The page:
Best for Embroidery: Husqvarna Viking Jade 20 Sewing Machine
This beginner-friendly machine has a guide located in the lid, so you can take a peek if you’re unsure of how to proceed with your fabric type. That’s truly handy if you’re new to sewing, since figuring out the correct settings for a project is a process that can take experience and time to master.
The Husqvarna Viking Jade has a large embroidery hoop, along with 70 built-in embroidery designs and over 100 built-in stitches. As you get more comfortable with the machine, and with embroidering, you’ll be able to take advantage of the machine’s software for creating embroidery designs.
Another great quality is this machine's portability. Since you can pack up the pedal and power cord, it’s incredibly easy to bring the machine with you on the go while traveling or going to a friend's. Take note, though, that it's definitely on the heavier side.
Best for Young Sewers: Singer Start 1304 Sewing Machine
Looking for a gift for a child? Gifting a sewing machine early on can lead to a lifelong habit and useful skill. Of course, any young sewer will need supervision (needles can be sharp, and a real sewing machine is not a toy).
This Singer machine is lightweight, which is convenient if you envision your child taking it along to sewing classes (or over to Grandma’s house). It also offers just the right amount of basic features to get kids started with sewing: It has a stitch selector, a four-step buttonhole maker, a reverse lever, and more basics. Every dial and button is clearly and simply labeled to avoid making users feel overwhelmed.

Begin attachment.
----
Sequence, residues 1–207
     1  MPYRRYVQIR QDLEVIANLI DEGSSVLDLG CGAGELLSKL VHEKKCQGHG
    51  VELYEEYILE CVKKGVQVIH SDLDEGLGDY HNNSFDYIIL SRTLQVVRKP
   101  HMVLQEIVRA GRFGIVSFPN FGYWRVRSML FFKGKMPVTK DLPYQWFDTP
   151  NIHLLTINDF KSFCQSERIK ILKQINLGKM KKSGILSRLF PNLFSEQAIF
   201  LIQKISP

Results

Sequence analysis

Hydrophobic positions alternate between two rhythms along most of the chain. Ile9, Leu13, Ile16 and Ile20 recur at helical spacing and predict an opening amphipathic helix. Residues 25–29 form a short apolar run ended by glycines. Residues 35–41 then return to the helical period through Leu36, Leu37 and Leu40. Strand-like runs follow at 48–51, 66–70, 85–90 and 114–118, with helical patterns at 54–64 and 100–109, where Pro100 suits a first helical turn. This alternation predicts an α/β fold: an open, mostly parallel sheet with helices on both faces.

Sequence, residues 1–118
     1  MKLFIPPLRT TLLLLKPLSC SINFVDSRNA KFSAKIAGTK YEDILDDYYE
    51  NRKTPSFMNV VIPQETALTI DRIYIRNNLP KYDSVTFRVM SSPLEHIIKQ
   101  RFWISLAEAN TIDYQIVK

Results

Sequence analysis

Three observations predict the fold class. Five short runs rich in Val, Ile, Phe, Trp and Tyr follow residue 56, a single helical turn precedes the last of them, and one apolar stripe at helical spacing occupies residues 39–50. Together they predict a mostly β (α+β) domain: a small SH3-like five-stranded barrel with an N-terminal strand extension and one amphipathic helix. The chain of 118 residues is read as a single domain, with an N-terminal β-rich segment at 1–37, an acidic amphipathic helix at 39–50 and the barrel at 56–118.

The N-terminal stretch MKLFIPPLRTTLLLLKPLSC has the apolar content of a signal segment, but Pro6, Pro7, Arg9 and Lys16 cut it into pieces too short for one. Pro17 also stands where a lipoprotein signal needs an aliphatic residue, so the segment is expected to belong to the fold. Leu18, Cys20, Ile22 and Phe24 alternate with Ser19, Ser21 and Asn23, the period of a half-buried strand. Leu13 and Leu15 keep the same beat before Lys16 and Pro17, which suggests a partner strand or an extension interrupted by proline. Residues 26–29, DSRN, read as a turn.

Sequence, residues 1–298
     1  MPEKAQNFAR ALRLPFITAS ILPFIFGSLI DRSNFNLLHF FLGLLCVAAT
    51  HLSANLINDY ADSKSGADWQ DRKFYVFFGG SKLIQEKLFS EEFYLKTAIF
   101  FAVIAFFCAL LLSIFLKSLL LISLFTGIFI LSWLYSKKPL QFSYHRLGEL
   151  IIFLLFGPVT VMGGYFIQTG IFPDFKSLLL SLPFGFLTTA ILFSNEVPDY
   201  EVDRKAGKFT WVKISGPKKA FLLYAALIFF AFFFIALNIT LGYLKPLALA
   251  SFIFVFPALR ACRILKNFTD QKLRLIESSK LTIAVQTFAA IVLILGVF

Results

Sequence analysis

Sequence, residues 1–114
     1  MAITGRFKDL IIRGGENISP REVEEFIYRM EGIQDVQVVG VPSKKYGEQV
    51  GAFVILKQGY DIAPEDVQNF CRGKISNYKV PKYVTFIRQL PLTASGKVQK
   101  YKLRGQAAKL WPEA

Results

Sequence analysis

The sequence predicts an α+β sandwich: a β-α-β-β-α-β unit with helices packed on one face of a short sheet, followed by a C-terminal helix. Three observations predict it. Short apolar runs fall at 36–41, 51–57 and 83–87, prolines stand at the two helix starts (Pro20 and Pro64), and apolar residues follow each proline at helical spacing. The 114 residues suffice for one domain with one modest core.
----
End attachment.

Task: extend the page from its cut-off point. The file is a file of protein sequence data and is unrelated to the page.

While it’s suitable for children, this machine is also a great option for adults. The lack of bells and whistles is a feature, not a deficit, allowing you to get going on projects right away.
Best for Accessories: SINGER M1500 Mechanical Sewing Machine
This Singer sewing machine comes with everything a beginner could need to get started, including an instructional DVD and 57 easy stitch patterns. The machine is equipped with a built-in needle threader and the ability to switch stitches and also adjust their width and size. It also comes with over 65 helpful accessories, including a seam ripper, all-purpose foot, needle plate screwdriver, and a pack of needles and bobbins.
Plus, since it weighs just over 12 pounds, this machine is both lightweight and portable—perfect if you live in a small space and want to store it between uses. Users will go from having no sewing experience to sewing up masks and on to bigger projects like curtains and outfits in no time.
Our top pick is the Brother CS6000i Computerized Sewing Machine, which gets high marks from our tester for its ease of use and advanced capabilities. It has a long list of features, but isn't too expensive at the same time. You can enjoy 60 stitch applications, an automatic needle threader, and an LCD screen. If you're looking to spend less, the Haitral Mini Portable Sewing Machine (view at Amazon) is another great pick. While it only has one basic stitch application, it has everything you need to get started, including a thread cutter and lightweight, yet durable design.
What to Look for in a Beginner Sewing Machine
Sewing machine models vary in size, ranging from compact mini-machines to full-size models that may offer more power and features. When deciding what size sewing machine is right for you, consider where you plan to use and store your machine. A mini sewing machine with a small footprint is ideal when you’re short on crafting or storage space. On the other hand, if you have a designated sewing area and are looking for a full-featured machine, then a standard-sized sewing machine will give you all the options. This type of machine might also have a larger table area that makes it more suited to larger sewing projects.